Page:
Mistake #4: Trying to Cram Too Much Into One Practice Session

A jack-of-all-trades is master at none.

And a guitarist that tries to cover all his bases in a single practice session is doomed to failure.

This is something that took me many years to realize, but it is such an important aspect of the game of guitar practice. If you play a lot of exercises as part of your practice session, 80-90% of them are probably a waste of time.

This was such an important point that I’m going to repeat it.

Most exercises you play are a waste of time.

I’m sorry if I’m offending anybody here. Especially fans of the Giuliani 120 Right hand exercises (that can be boiled down to about 10 exercises and the rest are just fluff) or Shearer’s Left hand development exercises, of which there are hundreds but only about 7 are worth practicing at all.

Practice time is precious, and waste must be eliminated. Unless an exercise is a strategy in meeting one of your goals in the next 2 weeks, you should not practice it.

This is really an extension on the first couple of topics in this series. If you have developed a solid daily routine, clear outcomes and clear tasks to meet those outcomes, this will be indicated by the fact that you aren’t spending excessive time on a plethora of technical exercises, unless they are part of a (very brief) warm up routine.

But won’t my technique suffer?

I know what you are thinking:

But won’t my technique suffer if I don’t play 3 hours of scale patterns daily?”

A common fear, my friend. Here’s some points to consider in that regard:

  • There are ways around playing endless boring exercises. Make sure to include in your set list tunes or arrangements that work out multiple techniques at once, and play them as part of your ‘Review’ time you have allocated in your routine.
  • Use improvisation as a technique builder, not just a creative tool. Improvisation is a very good way to get your scale practice in but in a much more interesting way that doesn’t have that boring mindless feel to it.
  • Look for ways in which you can good a well balanced musical workout by actually playing music. There will be times when exercises are crucial in meeting one of your goals, but that doesn’t justify filling all of your practice routine up with them.

Don’t multitask!

In your practice session, just commit to improving ONE thing at a time, and this is what takes place in allocated ‘Main Project’ time. It makes sense, because in a 30 minute practice session, it is unrealistic to think that you can improve your improvising AND speed AND learn a new piece AND learn right hand harmonics. Even if you had 3 hours a day to play with you should be careful not to spread your mind too thin – think of poor Mr Subconscious from Chapter 1. You won’t overload him, will you? If you juggle too many balls ultimately some will start to get dropped…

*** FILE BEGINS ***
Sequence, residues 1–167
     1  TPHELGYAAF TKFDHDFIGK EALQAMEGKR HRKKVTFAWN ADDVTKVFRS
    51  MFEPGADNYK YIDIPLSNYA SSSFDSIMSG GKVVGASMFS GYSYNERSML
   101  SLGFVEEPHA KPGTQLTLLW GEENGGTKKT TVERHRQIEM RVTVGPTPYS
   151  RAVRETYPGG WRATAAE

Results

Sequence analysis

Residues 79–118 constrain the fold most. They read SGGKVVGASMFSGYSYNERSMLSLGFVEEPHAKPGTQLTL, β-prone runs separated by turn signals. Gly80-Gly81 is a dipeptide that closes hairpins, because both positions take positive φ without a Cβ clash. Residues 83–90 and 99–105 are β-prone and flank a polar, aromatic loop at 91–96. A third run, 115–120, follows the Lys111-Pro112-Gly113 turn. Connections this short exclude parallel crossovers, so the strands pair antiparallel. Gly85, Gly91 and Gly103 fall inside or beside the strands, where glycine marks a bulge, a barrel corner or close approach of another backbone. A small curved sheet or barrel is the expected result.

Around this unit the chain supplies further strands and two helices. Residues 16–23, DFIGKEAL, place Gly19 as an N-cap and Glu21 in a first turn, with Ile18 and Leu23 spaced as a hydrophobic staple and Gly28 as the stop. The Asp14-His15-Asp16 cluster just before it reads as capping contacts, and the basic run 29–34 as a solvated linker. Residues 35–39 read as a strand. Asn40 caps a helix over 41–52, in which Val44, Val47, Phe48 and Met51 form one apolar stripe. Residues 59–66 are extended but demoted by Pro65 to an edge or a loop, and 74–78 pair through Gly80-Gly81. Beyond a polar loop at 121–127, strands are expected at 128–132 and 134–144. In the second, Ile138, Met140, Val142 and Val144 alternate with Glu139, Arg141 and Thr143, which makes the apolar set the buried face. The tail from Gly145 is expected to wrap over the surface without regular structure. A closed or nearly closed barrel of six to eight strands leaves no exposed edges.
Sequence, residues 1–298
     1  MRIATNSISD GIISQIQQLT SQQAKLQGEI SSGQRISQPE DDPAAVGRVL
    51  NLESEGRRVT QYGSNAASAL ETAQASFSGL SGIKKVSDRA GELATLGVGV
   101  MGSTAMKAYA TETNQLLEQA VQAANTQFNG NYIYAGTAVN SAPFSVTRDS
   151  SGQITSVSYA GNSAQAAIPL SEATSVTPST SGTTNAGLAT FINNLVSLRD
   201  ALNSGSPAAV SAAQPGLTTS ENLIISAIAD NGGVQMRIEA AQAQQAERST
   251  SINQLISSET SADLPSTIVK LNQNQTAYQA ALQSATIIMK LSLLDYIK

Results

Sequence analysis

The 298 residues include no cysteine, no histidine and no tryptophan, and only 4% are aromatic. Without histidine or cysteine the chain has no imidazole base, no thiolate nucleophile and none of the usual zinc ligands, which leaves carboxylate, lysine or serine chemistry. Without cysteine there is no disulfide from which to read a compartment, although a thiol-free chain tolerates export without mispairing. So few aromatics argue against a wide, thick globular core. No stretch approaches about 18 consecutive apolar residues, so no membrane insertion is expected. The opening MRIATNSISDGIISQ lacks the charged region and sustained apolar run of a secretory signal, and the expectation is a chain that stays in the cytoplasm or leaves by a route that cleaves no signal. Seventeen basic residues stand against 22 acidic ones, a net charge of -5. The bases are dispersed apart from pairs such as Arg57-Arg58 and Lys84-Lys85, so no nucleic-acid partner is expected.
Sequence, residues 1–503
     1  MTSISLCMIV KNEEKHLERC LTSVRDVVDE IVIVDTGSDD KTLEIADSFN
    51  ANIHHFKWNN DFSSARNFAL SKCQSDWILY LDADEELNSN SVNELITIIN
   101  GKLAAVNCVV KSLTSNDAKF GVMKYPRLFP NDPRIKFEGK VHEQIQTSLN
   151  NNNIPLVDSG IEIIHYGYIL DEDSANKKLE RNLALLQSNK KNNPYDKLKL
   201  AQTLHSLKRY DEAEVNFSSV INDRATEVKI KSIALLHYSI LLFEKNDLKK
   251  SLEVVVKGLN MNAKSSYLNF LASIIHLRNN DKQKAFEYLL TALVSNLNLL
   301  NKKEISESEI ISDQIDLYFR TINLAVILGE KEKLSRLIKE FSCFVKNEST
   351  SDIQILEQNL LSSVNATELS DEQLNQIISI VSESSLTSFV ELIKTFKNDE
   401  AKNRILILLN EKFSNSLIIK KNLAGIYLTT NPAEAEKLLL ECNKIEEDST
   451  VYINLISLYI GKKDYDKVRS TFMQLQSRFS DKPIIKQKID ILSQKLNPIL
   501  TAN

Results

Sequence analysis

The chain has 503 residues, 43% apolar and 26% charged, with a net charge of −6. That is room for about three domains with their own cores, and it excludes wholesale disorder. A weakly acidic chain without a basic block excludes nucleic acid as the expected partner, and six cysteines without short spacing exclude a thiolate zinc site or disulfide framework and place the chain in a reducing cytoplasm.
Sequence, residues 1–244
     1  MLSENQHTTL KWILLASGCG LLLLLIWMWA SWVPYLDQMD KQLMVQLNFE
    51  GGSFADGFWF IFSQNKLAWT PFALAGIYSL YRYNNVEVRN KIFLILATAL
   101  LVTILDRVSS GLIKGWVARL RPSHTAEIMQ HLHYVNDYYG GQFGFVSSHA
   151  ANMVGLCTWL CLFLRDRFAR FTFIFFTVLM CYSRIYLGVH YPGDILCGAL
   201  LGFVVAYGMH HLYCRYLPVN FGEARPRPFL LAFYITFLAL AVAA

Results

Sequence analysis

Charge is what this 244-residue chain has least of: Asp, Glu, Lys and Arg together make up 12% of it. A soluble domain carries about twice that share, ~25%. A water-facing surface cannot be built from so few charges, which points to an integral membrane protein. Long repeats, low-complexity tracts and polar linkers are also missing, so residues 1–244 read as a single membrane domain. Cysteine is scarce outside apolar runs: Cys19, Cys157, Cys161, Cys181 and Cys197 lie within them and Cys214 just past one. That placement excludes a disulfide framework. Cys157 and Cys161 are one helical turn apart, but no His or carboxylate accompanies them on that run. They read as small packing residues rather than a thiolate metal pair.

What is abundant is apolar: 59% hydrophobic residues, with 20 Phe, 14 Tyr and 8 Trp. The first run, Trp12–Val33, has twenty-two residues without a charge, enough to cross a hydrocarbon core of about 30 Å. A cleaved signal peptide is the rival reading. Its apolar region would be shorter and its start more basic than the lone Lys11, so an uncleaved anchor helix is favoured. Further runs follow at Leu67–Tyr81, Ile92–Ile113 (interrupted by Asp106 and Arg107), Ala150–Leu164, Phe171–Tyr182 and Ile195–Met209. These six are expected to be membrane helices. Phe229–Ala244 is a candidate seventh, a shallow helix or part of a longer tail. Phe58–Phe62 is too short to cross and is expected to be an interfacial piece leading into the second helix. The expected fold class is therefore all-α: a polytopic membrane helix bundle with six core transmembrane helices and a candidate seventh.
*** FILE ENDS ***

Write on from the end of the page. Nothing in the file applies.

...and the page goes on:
I’m a big fan of the 80/20 rule. This idea has been garnering a lot of interest lately.This rule is an observation that there is a tendency in human endeavour and in nature for 80% of the results to come from 20% of the effort.

In relation to my own playing I started to just play a few pieces that I knew worked out most aspects of my guitar technique, and did this instead of worrying about the millions of scales and exercises that are usually prescribed. My technique did not suffer when I did this. It actually improved drastically.

Your Assignment:

Watch yourself next time you practice. Think to yourself: “Am I task switching too much?”, “Is this exercise I’ve been playing for the last 6 months really necessary?” “Am I focussing on just learning this ONE tune at a time or am I trying to learn three at once?”

The last point is a bit like trying to read 3 books at once – your mind isn’t really designed to do this sort of thing, and you will take longer to read all 3 books this way then to read just one at a time. Get to know one tune really well and you can then apply the deep knowledge you have gained to many others.

There is a couple of great books I can highly recommend on developing this sort of mindset that I would consider essential reading for anyone struggling with ‘task overload’:

Onwards and upwards, my friend. Well done for getting this far! The subject of the next installment is one that even non-musicians can spot easily. Talk soon!

~ Greg from FretDojo


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